The Twin Valley Chapter of the Future Farmers of America shines in community service and camaraderie.
“FFA is a huge part of my life and made me the person I am today,” said Twin Valley FFA Chapter President Alexis Cochran. “The AG wing feels more like a home than it does a classroom.”
“TV FFA is home to many, though misunderstood by others,” added TV FFA VP of Chapter Development Triniti DiSilvestro. “It is not a club made up of hillbillies with pitchforks; rather, it is a club for people who are passionate about environmental health, animal science, horticulture and sustaining the planet for future generations.”
“In my freshman year I immersed myself into FFA without even realizing it. That is how welcoming it is. FFA became the center of my life,” said Abigail Baumgard, TV FFA VP of Student Development.
“Since my Third Grade Tour, I wanted to be in FFA. I thought any club that has animals was the place for me,” said club secretary Emma Burry. “When I joined my freshman year, it was even better than I imagined. The animals were great, but the people were better.”
Madison Rice, Student Advisor, explained.
“Our chapter mainly focuses on services to better our community,” said Rice. “It teaches people the importance of being connected and involved in community. It also gives members the opportunity to make new friends, travel and learn important life lessons. More than just a club, it’s our second family.”
FAA members are welcome volunteers at community events, doing many community service projects including baking for the local food pantry, recycling Christmas trees, and setting up a petting zoo at the Hay Creek Fall Festival.
While hosting school activities that unite students and faculty with agriculture, they teach elementary students at the annual Third Grade Tour and attend elementary school carnivals with their bunnies and guinea pigs. A favorite is taking the AG center animals for pet therapy to local retirement communities and doing crafting with the residents.
At the Pennsylvania Farm Show on Jan. 6, Twin Valley seniors Alexis Cochran, Abigail Baumgard, Triniti DiSilvestro, Madison Rice and Emma Burry received their Keystone Degrees, the highest degree that the Pennsylvania FFA Association can bestow upon its members and requires students to invest more than 300 hours in their Supervised Agricultural Experience programs, complete 25 hours of community service, participate in over 15 FFA events, and more during their time in FFA.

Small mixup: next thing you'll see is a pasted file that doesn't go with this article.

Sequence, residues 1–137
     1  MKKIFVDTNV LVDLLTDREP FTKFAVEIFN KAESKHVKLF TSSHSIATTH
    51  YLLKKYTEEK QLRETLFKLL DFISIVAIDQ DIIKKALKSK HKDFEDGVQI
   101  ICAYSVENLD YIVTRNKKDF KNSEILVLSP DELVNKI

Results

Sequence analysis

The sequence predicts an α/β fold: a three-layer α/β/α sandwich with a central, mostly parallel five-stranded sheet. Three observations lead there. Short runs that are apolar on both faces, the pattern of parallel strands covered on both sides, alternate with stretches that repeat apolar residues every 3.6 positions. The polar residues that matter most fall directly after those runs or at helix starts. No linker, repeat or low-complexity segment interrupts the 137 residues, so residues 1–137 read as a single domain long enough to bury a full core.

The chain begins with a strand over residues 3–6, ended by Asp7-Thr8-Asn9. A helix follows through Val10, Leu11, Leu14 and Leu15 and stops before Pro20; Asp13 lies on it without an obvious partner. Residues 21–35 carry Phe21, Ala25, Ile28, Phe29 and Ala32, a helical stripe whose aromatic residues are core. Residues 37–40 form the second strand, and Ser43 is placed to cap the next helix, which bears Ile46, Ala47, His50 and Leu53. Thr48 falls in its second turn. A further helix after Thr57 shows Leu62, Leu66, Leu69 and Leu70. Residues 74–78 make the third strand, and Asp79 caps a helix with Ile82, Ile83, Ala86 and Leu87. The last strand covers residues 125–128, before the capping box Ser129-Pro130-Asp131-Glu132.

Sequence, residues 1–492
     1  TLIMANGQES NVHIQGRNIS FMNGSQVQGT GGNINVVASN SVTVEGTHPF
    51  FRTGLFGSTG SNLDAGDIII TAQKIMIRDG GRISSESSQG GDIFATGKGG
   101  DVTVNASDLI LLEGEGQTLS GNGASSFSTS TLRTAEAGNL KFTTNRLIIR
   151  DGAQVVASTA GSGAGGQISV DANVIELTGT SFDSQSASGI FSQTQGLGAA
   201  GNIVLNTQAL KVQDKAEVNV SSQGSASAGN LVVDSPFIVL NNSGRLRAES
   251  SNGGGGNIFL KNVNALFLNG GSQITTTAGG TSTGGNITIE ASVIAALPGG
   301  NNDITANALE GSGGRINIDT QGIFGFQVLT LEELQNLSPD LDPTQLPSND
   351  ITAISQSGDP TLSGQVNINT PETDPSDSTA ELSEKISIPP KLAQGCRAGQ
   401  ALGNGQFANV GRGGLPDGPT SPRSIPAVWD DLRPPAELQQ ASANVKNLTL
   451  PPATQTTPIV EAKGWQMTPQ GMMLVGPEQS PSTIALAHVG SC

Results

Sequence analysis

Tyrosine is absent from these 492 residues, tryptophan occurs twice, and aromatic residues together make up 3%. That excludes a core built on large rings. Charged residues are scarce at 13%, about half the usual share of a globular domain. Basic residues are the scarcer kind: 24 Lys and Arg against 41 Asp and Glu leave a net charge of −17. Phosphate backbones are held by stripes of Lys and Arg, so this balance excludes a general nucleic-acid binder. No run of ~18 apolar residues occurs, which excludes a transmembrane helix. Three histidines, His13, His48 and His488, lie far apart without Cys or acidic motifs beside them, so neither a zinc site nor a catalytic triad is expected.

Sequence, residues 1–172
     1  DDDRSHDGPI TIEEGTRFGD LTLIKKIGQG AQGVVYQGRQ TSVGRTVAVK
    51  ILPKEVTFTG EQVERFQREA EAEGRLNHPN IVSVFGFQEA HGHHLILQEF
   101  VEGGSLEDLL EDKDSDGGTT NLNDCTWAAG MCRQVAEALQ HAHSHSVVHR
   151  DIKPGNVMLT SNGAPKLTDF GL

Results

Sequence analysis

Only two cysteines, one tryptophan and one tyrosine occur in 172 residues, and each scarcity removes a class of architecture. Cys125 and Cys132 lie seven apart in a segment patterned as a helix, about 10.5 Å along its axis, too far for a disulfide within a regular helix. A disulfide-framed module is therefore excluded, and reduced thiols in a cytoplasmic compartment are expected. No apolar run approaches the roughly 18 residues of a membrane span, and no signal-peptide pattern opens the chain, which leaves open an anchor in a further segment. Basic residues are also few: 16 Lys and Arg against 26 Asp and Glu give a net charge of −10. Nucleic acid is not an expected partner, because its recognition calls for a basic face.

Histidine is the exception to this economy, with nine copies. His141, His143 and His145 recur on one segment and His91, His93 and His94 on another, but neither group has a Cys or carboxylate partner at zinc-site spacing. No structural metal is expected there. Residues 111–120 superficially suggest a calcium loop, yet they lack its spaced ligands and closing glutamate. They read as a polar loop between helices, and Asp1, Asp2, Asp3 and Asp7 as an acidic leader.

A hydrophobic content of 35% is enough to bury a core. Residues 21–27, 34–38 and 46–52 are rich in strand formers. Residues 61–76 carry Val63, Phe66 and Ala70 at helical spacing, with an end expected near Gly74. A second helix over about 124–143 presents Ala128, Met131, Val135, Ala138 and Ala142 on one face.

A supervised agricultural experience, or SAE, is often exhibited at county and state fairs, whether it is showing livestock or displaying a project.
For her SAE project, Cochran completed an Equine Placement at Quarter Horse Performance and Breeding.
“My project was my horses and my love for them. When I was 10, I got my first horse, Enzo for Christmas; now I have six. I recorded caring for the horses daily, feeding, watering, cleaning stalls, and riding throughout the week, while learning responsibility. This year I bred my show mare, Sugars Pepto from Chic’s Loaded Gun. I reported all steps of breeding and care of my mare and foal. My goal is to be a veterinary radiologist.”
Her father suggested she become president of her FAA chapter but thought she was too shy to ever be able to lead a group and speak in front of a crowd.
“My teacher, Mr. Dietrich, pushed me out of my comfort zone. By the end of my junior year I was ready. I ran for president and I was chosen.”
DiSilvestro completed a Work Placement at Tel Hai Retirement Community for her SAE project.
“A typical day was taking residents’ orders, serving food, cleaning the kitchen and keeping the dining area in order. Far from glamorous, it taught me responsibility and hard work. My journals included my tasks and finances. This taught me independence to take care of my own finances.”
Speaking contests and leading events helped her grow in self-confidence.
“At leadership events, I met incredible people with visions for the future of agriculture, strengthening my passion to care for the environment,” said DiSilvestro. “Being VP gave me the privilege of a support team of individuals with similar passions. Our goal is not only to provide members a way to become future agriculture leaders, but to use our knowledge and skills to reveal the importance of agriculture to community members who often overlook it.”
Baumgard completed a Work Placement at Morgantown Village Library.
“There I grew my skills in multiple areas, preparing me for future employment. My AG teachers shaped my experience, both were so giving and inspiring. I am grateful for everything they've taught me,” said Baumgard. “FAA is one of the most organized and professional school clubs, and also one of the oldest. A club known to be a safe space for students who feel like they do not fit in anywhere, we are a family, making sure everyone feels welcome. My time in FFA was wonderful.”
Rice completed a Work Placement at Kraf Bus Service, working in the wash bay cleaning school buses, as well as doing other chores.
“Through FFA, I participated in conferences, contests, community service, and other events. My parents were very involved in their chapters. I heard their great stories, and now I have my own amazing memories,” said Rice.
Burry completed a Feline Placement and Veterinary Internship at Country Companion Animal Hospital, focused on pet care, specifically cats. She learned about caring for animals with chronic diseases.
“Being FFA secretary for two years, I’m more comfortable in my own skin and I have found my family in the Twin Valley FFA,” said Burry.